Eternal Maze is a... strange game. You control a farmer who gets trapped among corn mazes, gets chased by dogs, gets drunk, finds buried treasures, and something, something aliens. All while trapped in a labyrinth. Made of corn. With teleporting alien monoliths. It’s quite a strange game, as I said.
Purportedly inspired by crop circles, Eternal Maze is a puzzle adventure game with some very nice production values and surprisingly enjoyable gameplay. One morning in 1961, coming back to his farm from the local pub, farmer James sees a bright pillar of green light shining amongst his crops. He goes to explore the thing, finds a bunch of alien rocks glowing, and upon touching them gets teleported to a corn crop maze.
The game currently only has one chapter with 12 levels, but the developer promises two extra chapters are coming. Each level revolves around navigating different mazes in search of the teleporting stone that may lead you to safety. Each maze is full of concrete tunnels, collapsing burrows, and parts of a treasure map scattered around, incentivising you to explore a little bit. Disincentivising you from exploring, however, are the patrolling dogs that can kill you with one bite. They move around the levels in set patterns and give chase once you are spotted -- you either run from them and lose them around the corners and turns of the maze, or you get killed. Luckily the dogs actually run slower than a drunk, sleep-deprived farmer, so you’re only in danger when effectively cornered.
Across the maps you will need to find batteries to power lawnmowers and rafts in order to progress your journey, and you must also keep an eye on a little stamina bar used to go through concrete pipes and navigate the mazes. Stamina is not really a problem in Eternal Maze -- I’m not even sure why it’s there, really -- but it is something that adds a bit of depth to the gameplay.
Eternal Maze also has achievements and a little score system meant to add replayability. Finishing a level with a certain score or without dying gives you a little medal that serves only to satiate your ego, as well as certain actions unlocking achievements (that also serve solely to satiate your ego). Every level contains three pieces of a map that once collected, show you the location of a treasure that gives you extra points. It also shows you the way to the exit, but you can perfectly find your way out without the map.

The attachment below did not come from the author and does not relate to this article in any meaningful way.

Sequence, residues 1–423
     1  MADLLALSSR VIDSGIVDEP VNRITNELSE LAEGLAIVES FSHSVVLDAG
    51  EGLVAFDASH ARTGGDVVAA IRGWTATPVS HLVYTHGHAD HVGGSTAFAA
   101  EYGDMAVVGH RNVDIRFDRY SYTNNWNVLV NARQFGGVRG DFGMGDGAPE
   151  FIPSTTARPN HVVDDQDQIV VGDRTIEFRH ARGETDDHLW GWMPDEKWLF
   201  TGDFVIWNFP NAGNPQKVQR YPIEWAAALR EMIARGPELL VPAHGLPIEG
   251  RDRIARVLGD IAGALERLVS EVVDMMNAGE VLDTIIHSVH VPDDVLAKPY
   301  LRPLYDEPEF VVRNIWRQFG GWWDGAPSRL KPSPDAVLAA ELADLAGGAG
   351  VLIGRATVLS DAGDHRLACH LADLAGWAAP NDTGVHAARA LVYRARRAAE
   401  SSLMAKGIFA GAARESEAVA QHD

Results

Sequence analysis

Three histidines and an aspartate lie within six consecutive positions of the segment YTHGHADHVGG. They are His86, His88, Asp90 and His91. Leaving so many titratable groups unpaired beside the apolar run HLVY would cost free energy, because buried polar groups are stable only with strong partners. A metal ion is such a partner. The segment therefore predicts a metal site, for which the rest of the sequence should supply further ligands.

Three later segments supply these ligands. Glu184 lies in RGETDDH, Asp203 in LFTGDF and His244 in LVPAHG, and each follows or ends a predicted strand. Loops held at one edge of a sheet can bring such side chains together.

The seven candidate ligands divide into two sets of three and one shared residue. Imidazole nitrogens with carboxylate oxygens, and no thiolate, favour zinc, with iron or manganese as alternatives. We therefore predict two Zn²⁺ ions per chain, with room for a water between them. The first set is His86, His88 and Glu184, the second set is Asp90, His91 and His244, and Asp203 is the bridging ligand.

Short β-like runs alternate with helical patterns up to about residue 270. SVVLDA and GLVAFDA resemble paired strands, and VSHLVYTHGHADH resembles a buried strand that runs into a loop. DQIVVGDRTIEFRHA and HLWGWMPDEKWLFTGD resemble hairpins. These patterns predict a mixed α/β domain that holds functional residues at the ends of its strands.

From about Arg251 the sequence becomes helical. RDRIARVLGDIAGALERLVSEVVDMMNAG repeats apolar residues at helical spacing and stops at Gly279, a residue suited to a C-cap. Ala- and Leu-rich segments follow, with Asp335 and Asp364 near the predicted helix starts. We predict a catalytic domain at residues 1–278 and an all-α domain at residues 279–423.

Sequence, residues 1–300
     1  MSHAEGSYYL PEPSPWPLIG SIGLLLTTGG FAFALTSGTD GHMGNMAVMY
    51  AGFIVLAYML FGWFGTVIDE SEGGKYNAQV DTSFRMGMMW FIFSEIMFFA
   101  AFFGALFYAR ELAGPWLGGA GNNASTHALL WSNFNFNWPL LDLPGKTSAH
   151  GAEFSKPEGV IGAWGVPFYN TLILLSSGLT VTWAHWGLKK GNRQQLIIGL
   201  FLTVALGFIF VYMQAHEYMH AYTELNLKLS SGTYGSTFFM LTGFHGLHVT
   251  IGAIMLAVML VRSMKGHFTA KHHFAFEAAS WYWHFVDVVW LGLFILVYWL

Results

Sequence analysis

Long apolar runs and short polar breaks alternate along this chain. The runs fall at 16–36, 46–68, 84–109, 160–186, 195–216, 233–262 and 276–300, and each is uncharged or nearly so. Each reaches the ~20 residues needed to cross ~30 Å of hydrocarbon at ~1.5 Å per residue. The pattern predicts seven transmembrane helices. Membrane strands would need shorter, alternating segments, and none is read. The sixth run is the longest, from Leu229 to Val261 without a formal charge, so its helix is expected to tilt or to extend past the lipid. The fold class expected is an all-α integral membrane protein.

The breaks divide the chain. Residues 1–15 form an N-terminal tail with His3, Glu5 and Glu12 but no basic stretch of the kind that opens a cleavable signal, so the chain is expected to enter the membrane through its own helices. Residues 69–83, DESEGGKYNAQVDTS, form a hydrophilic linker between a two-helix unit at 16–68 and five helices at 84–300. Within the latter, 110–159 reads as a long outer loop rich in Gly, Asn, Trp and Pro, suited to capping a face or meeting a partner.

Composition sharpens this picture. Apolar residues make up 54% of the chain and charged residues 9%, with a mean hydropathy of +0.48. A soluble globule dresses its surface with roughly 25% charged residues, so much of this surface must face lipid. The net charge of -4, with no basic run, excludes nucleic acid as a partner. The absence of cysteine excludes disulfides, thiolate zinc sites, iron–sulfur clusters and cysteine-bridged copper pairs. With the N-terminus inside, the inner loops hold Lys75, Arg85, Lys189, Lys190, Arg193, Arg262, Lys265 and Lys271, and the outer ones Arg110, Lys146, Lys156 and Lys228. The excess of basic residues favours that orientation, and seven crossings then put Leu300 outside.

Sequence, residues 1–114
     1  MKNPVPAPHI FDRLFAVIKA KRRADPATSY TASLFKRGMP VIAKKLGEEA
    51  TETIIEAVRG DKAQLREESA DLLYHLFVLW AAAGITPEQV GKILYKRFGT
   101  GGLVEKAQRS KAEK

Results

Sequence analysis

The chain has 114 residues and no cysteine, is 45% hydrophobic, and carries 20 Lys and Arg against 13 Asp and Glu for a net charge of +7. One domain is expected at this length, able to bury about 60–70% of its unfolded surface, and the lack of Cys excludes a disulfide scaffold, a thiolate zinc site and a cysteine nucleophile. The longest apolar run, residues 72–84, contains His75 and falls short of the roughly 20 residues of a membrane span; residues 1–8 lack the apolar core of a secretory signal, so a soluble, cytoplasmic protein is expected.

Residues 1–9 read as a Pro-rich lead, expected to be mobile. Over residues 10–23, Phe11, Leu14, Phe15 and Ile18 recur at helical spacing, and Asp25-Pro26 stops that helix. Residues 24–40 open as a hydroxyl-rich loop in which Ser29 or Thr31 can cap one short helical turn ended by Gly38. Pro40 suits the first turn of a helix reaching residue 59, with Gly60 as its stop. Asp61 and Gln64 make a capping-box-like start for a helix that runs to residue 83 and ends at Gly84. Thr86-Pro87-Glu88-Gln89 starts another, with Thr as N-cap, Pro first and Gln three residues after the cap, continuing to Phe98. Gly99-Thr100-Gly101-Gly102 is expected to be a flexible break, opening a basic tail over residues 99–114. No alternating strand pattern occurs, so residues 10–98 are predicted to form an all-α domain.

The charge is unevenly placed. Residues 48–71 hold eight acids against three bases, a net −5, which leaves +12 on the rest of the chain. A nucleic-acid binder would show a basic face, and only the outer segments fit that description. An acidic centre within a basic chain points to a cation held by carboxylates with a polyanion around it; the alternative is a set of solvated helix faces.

Technically, the game ran fine; I did not run into any bugs and had no issues with the controls, and although I personally hate retro pixel graphics, I actually found this one quite charming. The sound design was surprisingly good, with the music clearly being the high point of the production -- it has some nice themes and thankfully a non-8-bit execution, which adds some extra charm to the title. I must say, however, that the non-native quality of the game’s English is very noticeable, and it severely distracted me more times than expected. Someone should look into that.
With some nice, thoughtful graphics and a very good sound design -- including an unexpectedly nice soundtrack -- Eternal Maze is a game that’s easy to recommend. I only urge the developers to find someone native to rewrite the game’s texts as soon as possible.
Eternal Maze (Reviewed on Android)
This game is great, with minimal or no negatives.
With some nice, thoughtful graphics and a very good sound design -- including a unexpectedly nice soundtrack -- Eternal Maze is a game that’s easy to recommend.